7 ketosis Symptoms: how to know if you are in ketosis?

by | Last updated: Feb 10, 2020 at 2:30PM | - Published on: Feb 3, 2020

Aside from measuring ketone levels, you may notice a dip in energy as you come off your carb rich diet. Soon thereafter you should start feeling normal again, if not better. In this article we gonna review all symptoms of ketosis. 

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When you first get into ketosis you’re not just starting a new diet, you’re also ending an old one; the standard American diet (SAD) usually. The so-called ketosis symptoms people get when entering nutritional ketosis are actually the unpleasant withdrawal symptoms from coming off SAD. More specifically, these unpleasant withdrawal symptoms occur when coming off any poor dietary pattern stopping you from entering a deep state of fat burning. The ‘keto flu’ is the common name for this adaptation phase and the most known symptoms of ketosis.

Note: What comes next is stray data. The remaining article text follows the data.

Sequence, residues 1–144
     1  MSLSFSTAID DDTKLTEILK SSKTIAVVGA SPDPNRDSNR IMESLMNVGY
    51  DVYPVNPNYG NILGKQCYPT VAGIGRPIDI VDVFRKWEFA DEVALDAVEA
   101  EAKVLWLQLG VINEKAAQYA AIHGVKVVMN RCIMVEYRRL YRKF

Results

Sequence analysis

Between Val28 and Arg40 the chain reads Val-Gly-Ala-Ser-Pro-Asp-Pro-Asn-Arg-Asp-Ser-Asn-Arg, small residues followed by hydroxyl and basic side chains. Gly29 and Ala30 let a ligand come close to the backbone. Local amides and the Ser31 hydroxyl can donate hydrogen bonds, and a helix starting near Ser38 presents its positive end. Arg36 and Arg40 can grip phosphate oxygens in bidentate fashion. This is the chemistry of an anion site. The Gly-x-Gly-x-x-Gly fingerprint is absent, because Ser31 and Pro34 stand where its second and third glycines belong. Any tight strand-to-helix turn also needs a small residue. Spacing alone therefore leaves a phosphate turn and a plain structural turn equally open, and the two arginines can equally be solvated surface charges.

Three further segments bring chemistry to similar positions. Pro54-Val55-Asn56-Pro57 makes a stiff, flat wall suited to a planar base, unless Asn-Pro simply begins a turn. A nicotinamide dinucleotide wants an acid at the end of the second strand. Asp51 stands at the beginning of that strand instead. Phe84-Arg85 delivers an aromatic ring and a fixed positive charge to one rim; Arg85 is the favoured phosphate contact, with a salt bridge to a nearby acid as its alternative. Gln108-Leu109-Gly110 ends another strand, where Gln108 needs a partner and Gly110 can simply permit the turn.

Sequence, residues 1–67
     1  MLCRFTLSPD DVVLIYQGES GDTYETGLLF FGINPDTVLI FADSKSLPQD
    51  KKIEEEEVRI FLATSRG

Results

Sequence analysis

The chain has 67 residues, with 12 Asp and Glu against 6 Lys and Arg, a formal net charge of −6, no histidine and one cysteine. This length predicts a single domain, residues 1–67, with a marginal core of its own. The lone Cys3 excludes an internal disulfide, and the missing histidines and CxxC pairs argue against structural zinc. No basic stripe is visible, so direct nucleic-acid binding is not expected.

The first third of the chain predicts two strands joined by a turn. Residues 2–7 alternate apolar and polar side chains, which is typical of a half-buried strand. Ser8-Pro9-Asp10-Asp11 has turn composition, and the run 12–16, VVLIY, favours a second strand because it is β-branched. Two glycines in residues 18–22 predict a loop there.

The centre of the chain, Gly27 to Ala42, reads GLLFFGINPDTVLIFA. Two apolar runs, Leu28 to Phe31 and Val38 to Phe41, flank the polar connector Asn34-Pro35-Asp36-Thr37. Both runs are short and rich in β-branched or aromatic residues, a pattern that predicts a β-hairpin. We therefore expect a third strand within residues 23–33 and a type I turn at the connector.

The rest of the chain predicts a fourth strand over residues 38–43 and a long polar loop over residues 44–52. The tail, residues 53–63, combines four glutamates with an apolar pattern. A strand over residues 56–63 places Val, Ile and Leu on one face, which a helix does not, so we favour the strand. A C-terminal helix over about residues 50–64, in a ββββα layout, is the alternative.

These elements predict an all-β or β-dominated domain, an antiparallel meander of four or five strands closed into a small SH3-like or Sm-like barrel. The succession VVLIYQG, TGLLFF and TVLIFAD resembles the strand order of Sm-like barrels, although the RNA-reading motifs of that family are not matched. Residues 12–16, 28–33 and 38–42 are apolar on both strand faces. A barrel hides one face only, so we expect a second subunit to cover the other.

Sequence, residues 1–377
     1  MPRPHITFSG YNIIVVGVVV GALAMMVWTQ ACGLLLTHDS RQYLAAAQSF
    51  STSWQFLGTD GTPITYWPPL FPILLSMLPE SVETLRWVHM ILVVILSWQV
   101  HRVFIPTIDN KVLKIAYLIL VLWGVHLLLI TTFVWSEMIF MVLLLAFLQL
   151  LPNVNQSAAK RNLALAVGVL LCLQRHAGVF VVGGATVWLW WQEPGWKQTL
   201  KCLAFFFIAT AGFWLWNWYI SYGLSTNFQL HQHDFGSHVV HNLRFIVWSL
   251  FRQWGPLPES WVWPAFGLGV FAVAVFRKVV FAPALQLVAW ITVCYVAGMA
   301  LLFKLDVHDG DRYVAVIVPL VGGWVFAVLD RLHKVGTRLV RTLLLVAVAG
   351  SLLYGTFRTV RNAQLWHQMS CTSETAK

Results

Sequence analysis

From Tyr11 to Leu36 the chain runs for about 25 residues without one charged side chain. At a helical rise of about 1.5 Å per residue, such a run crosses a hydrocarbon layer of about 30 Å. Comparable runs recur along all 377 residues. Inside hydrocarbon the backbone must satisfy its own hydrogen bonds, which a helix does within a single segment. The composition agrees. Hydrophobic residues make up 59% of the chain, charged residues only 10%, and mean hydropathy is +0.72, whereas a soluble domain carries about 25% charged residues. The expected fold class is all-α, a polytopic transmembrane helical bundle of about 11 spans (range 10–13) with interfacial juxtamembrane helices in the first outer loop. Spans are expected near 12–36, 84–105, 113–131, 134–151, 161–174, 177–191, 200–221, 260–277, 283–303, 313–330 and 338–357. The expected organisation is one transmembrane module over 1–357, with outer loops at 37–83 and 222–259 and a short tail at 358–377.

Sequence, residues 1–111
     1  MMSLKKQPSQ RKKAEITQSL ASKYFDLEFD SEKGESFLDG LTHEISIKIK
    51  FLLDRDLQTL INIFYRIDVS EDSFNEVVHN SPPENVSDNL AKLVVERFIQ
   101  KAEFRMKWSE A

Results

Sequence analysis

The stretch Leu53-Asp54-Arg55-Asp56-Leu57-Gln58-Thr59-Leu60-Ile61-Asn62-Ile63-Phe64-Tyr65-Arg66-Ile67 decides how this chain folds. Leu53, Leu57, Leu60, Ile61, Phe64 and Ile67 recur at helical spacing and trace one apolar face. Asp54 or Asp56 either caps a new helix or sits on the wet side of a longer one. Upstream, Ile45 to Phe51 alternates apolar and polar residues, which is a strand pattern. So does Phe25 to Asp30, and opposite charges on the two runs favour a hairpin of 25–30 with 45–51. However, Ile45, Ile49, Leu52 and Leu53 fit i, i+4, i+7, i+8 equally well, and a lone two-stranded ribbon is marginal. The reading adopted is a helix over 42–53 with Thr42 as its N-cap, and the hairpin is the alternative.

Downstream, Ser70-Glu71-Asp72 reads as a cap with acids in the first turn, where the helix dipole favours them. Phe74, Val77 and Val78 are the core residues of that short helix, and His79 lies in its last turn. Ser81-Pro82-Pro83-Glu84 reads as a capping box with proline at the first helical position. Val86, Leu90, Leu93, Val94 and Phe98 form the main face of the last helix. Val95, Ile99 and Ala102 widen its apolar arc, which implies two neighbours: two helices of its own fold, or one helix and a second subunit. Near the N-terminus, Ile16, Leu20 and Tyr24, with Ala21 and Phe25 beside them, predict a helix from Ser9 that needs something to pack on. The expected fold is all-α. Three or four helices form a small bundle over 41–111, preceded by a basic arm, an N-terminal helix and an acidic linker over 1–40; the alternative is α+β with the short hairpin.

You may have heard that people getting into ketosis commonly report more stable energy levels. True. However, some people go through a few days or a couple of weeks where their energy levels initially drop. Then, their body adapts to this low glucose low insulin state, and manages to upregulate fat burning. This then provides stable energy levels. Interestingly, others barely experience the symptoms of ketosis and just effortlessly switch to fat burning!

The keto flu

Whichever of these people you may be, it’s hard to tell if you’re in ketosis if you’re not measuring. Here are some of the signs and ‘symptoms’ suggesting you’ve entered ketosis: